Chevrolet had both big block and small block engines under their flagship. The big block engines are a series of V8 engines developed in the States between 1950s and 1960s. Post the Second World War, American vehicles were built larger and heavier which also required stronger engines to power them. Small block V8 engines were introduced in 1955 but the country needed a larger and more powerful engine to run medium sized trucks and heavier cars that were at that time in the design stage.

The first generation of big block engines was called the W series, named after its special valve cover design. The first engine created under this series was the 409.  The 409 engine was introduced into the Chevrolet’s cars and trucks in 1958. The base model of the 409 was offered with a four barrel carburetor that wields 250 horsepower. In 1961, the Special Turbo Thrust technology gave a new life to this four barrel in which it produced 340 horsepower. Using the same Turbo Thrust technology, the 409 engine was also made available with the 280 and 350 horsepower.

The next edition in the W series was the 427 engine. It was produced in limited numbers in 1963 and later mass produced in 1966 to be installed in Camaros and Corvettes. The first 427 engines gave 430 horsepower rating but were often tuned by car owners to hit 500 horsepower. The unique 427 cubic inch version of the 409 was utilized by the Chevrolet Impala Sport Coupe. It was produced under the Chevrolet Regular Production Option Z11. Therefore, the engine is also known as the Z11 427. The Impala Sport Coupe was created especially for drag racers which include unique parts such as aluminum engine, cowl induction air system along with the 427 engine at Car Swap Meets.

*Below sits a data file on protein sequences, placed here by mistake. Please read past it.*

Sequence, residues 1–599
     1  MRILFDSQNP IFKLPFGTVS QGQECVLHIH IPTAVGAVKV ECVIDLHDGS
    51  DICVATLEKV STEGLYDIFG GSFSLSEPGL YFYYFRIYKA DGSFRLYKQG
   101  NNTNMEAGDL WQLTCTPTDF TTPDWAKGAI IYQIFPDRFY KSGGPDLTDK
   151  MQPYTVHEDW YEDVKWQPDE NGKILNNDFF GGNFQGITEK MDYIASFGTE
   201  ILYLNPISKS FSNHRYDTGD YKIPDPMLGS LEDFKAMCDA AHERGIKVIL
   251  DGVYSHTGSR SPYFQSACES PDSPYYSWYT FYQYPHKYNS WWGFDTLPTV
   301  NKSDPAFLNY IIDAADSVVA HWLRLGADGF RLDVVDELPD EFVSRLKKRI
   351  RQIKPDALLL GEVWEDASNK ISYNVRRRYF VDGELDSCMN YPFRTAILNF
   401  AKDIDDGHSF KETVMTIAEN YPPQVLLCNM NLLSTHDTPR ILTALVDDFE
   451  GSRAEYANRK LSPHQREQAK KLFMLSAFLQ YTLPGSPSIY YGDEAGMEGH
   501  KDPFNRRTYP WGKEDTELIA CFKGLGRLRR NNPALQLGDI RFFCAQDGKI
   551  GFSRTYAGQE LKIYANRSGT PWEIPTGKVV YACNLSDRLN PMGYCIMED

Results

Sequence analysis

After making the 427 engine an option in Chevrolet cars, the 427 engine took a back seat until 1966 when Chevrolet developed another two versions of the 427 which was the beginning of the second generation of the 427 engine. The first version had low compression ratio of 10.25 to 1 with a four barrel carburetor offering 390 horsepower rating. The second also featured the same carburetor as the first but a higher compression ratio of 11 to 1 allowing it to push to 425 horsepower. All early 427 engines had a 3.76 inch stroke and 4.25 inch cylinder bore.

The second generation big block engine named the Mark series. At the end of the decade, Chevrolet also developed other versions of the 427 engine to offer individual 385 and 400 horsepower ratings as well as a torque rating of 460 for both. With smooth operating hydraulic lifters, the 427 was also applicable for family station wagons. 

On top of that, Chevrolet introduced the L71 427 engine between 1967 and 1969 which has three two barrel carburetors to produce 435 horsepower including 460 torque rating. A special edition of the 427 engine called the Yenko 427 was a dealer installed engine developed by Don Yenko Chevrolet. The Yenko 427 was installed under the hoods of Chevelles and Novas. Yenko 427 had a boost of horsepower from 425 to 450. A Chevy vehicle was claimed to be able to sprint from 0 to 60 miles an hour in 4.7 seconds.

Chevrolet continued producing the 427 engine up to the mid 1990s. From 1972 till 1975, the only version of the 427 available was the truck version used in Chevrolet Kodiak. From 1988 till 1995, the 427 was made available with throttle body electronic fuel injection system. Out of all the 427 LNG versions, the ZL1 engine produced in 1969 is the most highly sought after. It was developed ultimately for Can-Am racing. The ZL1 featured aluminum cylinder block which reduced the engine weight to 575 pounds ideal for a race car. However, installing the ZL1 in Corvettes which costs around $4,000 doubled the price for the car in the market.